(Reuters) - Canada’s resource-dependent economy will reel from the sting of a slump in oil prices until mid-2015 at least, when exporters may start to benefit from stronger U.S. growth and a weaker Canadian dollar, according to the top forecaster for the Canadian economy in Reuters polls in 2014.
Brent crude prices LCOc1 halved between June 2014 and mid-January amid a global supply glut and weak demand. That has already started to hurt Alberta, the main oil producing province, with job losses, falling home sales and business investment.
Although oil prices have begun to rebound, there is still more damage in store, according to JPMorgan’s Canada economist Silvana Dimino, who topped the Reuters economic poll accuracy league for 2014, compiled by StarMine.
“We expect (oil) prices to remain pretty weak at least until March. As long as you have uncertainty around oil prices, business investment is going to be weak,” said Dimino.
She expects economic growth to average 2.1 percent this year on an annualized basis, scaled down from the 2.4 percent she had forecast in a poll last month.
A sharper slowdown in growth could prompt the Bank of Canada to cut rates by another 25 basis points in March, Dimino said, after the central bank trumped all economists’ predictions with a surprise rate cut at the January meeting.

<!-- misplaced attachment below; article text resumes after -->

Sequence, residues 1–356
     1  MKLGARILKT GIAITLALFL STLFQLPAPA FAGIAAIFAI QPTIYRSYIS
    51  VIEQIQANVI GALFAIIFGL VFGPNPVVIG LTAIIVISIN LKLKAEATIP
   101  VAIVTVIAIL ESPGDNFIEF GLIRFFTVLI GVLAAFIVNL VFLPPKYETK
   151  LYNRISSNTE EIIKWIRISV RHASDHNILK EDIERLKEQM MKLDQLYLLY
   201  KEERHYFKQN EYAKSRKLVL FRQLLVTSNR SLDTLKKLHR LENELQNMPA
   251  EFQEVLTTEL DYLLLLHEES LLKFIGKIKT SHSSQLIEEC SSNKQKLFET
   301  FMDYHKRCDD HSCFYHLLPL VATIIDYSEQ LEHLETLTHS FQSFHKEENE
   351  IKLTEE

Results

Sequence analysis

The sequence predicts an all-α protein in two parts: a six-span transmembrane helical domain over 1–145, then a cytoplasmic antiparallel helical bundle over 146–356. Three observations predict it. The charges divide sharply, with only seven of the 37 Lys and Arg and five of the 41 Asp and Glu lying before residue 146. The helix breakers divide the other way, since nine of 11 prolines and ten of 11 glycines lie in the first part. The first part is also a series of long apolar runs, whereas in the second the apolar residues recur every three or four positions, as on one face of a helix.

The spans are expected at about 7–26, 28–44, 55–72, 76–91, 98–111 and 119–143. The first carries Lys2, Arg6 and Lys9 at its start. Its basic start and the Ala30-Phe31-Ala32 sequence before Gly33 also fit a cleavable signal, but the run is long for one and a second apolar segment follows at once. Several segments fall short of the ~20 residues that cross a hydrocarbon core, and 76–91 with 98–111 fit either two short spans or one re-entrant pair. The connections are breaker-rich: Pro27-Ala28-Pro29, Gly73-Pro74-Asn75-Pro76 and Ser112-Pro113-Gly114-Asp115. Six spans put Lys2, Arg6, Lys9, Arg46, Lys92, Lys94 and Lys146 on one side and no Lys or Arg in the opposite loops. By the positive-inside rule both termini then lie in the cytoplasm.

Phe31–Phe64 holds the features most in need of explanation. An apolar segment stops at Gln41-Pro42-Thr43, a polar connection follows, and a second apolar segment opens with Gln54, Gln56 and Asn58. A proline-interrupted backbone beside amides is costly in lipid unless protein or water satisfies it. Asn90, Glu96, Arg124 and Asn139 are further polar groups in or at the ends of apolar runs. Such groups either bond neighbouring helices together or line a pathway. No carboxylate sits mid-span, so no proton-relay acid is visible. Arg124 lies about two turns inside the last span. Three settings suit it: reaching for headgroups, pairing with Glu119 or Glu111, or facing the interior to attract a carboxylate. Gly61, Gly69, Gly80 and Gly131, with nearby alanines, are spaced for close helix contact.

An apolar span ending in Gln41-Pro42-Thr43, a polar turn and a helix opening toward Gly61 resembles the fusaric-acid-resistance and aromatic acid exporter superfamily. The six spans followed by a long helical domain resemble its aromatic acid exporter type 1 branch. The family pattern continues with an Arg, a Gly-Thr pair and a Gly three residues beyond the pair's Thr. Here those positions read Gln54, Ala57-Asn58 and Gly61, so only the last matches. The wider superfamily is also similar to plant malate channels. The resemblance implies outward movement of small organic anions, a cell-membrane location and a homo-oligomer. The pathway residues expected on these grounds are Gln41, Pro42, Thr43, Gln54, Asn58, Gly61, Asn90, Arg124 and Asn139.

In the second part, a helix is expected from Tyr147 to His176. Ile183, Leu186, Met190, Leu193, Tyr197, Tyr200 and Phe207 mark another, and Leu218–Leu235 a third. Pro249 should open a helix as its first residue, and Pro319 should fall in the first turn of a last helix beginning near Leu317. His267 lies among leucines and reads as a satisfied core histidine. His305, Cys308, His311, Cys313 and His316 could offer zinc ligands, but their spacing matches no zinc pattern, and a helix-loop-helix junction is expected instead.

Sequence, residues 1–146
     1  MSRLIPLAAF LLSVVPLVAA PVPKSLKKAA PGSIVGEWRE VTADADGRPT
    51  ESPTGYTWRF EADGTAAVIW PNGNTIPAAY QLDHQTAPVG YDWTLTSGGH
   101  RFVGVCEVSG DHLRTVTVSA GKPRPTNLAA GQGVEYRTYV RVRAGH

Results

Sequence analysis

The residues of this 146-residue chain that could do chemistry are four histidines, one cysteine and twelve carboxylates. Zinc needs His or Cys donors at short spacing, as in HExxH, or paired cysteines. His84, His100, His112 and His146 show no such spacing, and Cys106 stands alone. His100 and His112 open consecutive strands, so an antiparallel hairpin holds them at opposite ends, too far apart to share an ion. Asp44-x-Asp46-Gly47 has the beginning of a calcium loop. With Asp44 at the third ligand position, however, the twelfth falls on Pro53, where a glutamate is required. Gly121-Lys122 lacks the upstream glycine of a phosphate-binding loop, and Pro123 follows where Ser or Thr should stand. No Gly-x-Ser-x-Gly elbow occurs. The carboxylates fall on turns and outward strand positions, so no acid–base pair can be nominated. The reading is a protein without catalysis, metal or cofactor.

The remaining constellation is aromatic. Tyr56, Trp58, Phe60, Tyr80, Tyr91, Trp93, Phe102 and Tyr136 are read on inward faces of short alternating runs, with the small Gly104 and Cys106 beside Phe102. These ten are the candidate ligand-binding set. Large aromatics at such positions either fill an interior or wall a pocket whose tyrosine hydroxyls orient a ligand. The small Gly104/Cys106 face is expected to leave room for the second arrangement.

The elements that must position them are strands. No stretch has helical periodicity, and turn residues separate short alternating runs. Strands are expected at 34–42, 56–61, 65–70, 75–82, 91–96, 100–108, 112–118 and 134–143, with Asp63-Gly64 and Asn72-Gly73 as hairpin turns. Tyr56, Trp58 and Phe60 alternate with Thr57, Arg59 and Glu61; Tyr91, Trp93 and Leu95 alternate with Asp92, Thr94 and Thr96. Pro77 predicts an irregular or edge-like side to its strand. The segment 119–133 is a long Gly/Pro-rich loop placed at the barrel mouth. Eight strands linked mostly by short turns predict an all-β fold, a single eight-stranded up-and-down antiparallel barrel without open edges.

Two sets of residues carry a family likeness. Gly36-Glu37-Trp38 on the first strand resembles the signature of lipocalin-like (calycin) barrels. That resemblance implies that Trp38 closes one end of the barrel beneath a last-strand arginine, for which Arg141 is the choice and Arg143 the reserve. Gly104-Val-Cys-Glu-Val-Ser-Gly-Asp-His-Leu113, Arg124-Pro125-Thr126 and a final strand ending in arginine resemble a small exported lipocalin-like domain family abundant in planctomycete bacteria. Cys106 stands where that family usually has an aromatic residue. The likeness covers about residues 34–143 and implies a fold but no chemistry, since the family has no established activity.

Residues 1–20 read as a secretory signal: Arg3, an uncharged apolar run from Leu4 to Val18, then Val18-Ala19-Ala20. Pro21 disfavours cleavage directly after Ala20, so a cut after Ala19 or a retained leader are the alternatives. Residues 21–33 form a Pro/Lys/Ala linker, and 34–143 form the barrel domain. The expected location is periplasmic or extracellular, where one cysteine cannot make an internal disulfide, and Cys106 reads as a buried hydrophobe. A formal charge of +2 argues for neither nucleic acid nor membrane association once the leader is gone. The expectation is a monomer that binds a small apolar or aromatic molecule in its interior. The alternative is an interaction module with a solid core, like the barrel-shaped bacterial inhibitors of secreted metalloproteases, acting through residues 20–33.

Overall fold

Governor Stephen Poloz said on Wednesday the bank had taken the right amount of insurance with its January rate cut, a remark that prompted several economists to ditch predictions for another rate cut in March.
Before that move, the Bank of Canada, U.S. Federal Reserve and the Bank of England were the only major central banks expected to raise rates any time soon.
Still, Canada’s economy is expected to improve toward the end of the year as exports start to pick up, she said.
Canadian policymakers have long hoped a significant pick up in exports will replace household spending as the main driver of economic growth, especially with household debt at record highs and the risk of a sharp fall in record-high home prices.
“We don’t really have a lot of consumption-driven growth in 2015 ... expectations have really taken a nosedive,” Dimino said.
While the average home price in Canada has nearly doubled over the past decade, many analysts have been concerned that prices are overvalued and a steep fall is imminent.
Cheaper oil has only exacerbated risks that the market is due for a correction, a recent Reuters poll showed.
Dimino says the number of high rises being built in Toronto, Canada’s financial capital, is proof there’s no sign of a slump in demand.
The rankings of economists according to the accuracy of their forecasts, compiled by StarMine, are based on each firm’s estimates for key economic indicators in 2014.
Reporting by Deepti Govind; Editing by Bernadette Baum